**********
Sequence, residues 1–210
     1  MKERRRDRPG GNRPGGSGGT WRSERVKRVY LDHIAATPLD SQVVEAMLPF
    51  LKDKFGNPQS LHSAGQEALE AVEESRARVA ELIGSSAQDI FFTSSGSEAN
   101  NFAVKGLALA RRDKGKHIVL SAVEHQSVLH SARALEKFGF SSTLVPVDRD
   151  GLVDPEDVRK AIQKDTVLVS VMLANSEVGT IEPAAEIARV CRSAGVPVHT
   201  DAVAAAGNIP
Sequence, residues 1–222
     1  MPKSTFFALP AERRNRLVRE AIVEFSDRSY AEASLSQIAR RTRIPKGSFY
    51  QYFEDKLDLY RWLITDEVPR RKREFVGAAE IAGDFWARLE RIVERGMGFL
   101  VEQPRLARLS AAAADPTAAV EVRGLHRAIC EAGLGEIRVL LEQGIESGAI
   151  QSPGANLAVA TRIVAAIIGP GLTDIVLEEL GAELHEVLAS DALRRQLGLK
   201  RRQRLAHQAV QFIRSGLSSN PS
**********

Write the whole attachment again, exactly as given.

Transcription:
Sequence, residues 1–210
     1  MKERRRDRPG GNRPGGSGGT WRSERVKRVY LDHIAATPLD SQVVEAMLPF
    51  LKDKFGNPQS LHSAGQEALE AVEESRARVA ELIGSSAQDI FFTSSGSEAN
   101  NFAVKGLALA RRDKGKHIVL SAVEHQSVLH SARALEKFGF SSTLVPVDRD
   151  GLVDPEDVRK AIQKDTVLVS VMLANSEVGT IEPAAEIARV CRSAGVPVHT
   201  DAVAAAGNIP
Sequence, residues 1–222
     1  MPKSTFFALP AERRNRLVRE AIVEFSDRSY AEASLSQIAR RTRIPKGSFY
    51  QYFEDKLDLY RWLITDEVPR RKREFVGAAE IAGDFWARLE RIVERGMGFL
   101  VEQPRLARLS AAAADPTAAV EVRGLHRAIC EAGLGEIRVL LEQGIESGAI
   151  QSPGANLAVA TRIVAAIIGP GLTDIVLEEL GAELHEVLAS DALRRQLGLK
   201  RRQRLAHQAV QFIRSGLSSN PS